The Gospel of Luke exhorts us to invite the poor, crippled, and lame “when you give a banquet,” not to bring them uninvited to someone else’s banquet. Christ never proclaimed that whatsoever you make someone else do to the least of your brethren, that you do unto Him. Scripture calls us to practice the theological virtues, not to enforce them by the sword. Charity, to give what is mine to the other, is demanded by God along with faith, but both faith and charity are outside the legitimate authority of law, “an expression of what is just.”

Individual politicians can and should be motivated by charity, a phenomenon that Pope Benedict refers to as “the political path of charity.” As Aquinas wrote, “it is charity which directs the acts of all the other virtues.” This does not, however, alter the fundamental difference between acts of justice, which the government is obligated to compel, and acts of charity, which like acts of faith cannot be compelled without violating human dignity. A policy of charity by the sword is no more legitimate than conversion by the sword.

This is not to say, however, that all government redistribution is illegitimate. Justice sometimes demands redistribution due to what is commonly called “the right of necessity,” both in common law and in moral theology. As the Catechism of the Catholic Church states “The appropriation of property is legitimate for guaranteeing the freedom and dignity of persons and for helping each of them to meet his basic needs” (§ 2242).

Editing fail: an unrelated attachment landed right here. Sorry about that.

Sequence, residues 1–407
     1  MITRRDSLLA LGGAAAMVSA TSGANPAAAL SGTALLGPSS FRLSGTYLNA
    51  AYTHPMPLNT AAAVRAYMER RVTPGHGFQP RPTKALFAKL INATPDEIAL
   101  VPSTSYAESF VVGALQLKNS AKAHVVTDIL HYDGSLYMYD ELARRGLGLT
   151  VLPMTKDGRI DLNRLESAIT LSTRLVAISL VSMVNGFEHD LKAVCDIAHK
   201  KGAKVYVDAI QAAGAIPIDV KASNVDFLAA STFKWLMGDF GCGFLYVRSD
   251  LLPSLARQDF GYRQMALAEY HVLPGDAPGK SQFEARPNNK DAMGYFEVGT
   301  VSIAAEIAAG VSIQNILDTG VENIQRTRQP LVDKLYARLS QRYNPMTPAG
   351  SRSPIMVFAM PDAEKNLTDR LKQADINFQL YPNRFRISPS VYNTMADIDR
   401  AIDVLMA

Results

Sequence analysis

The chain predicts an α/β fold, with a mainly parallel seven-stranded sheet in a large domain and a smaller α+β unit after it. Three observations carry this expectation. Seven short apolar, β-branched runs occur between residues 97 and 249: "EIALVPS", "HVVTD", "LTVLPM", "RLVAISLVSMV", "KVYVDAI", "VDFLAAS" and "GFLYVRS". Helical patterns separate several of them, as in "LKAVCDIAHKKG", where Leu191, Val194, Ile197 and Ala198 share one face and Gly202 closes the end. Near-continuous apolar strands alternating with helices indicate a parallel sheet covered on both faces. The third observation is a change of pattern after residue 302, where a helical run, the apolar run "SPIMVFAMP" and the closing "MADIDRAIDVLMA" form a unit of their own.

Genuine need legitimizes (i.e., justifies) coercive redistribution, but this remains a matter of justice, not charity. Clearly some of our government’s redistribution programs, such as those that provide food or shelter for people who would otherwise have none, are required to guarantee “the freedom and dignity of persons and for helping each of them to meet his basic needs.”

It is equally clear that some of our other redistribution programs, such as the recently enacted program in Massachusetts to provide the poor with automobiles, do not meet this standard. This standard of justice, not charity, is the standard by which Christians must judge compelled redistribution if we are to uphold “the very dignity of the human person.”

Charity by the sword violates the dignity of the human person regardless of democratic governance. Winning an election does not give a political faction the right to enforce almsgiving any more than it gives them the right to enforce Mass attendance. Long after the rise of representative government the Second Vatican Council stated in Dignitatis Humanae “men cannot discharge these obligations in a manner in keeping with their own nature unless they enjoy immunity from external coercion.”

Conversion by the sword has come to be universally recognized among Christians as a terrible violation of human dignity. It was a gross misunderstanding of the gospel with a perverse effect on the political and evangelistic activity of many Christians.

In time, charity by the sword will similarly be recognized for the horrible mistake that it is. The day will come when the notion that the federal budget must reflect the gospel’s call to charity will seem as absurd as we now find the suggestion that baptism should be a prerequisite for American citizenship.

James Kerian is a mechanical engineer and small business owner in Grafton, North Dakota.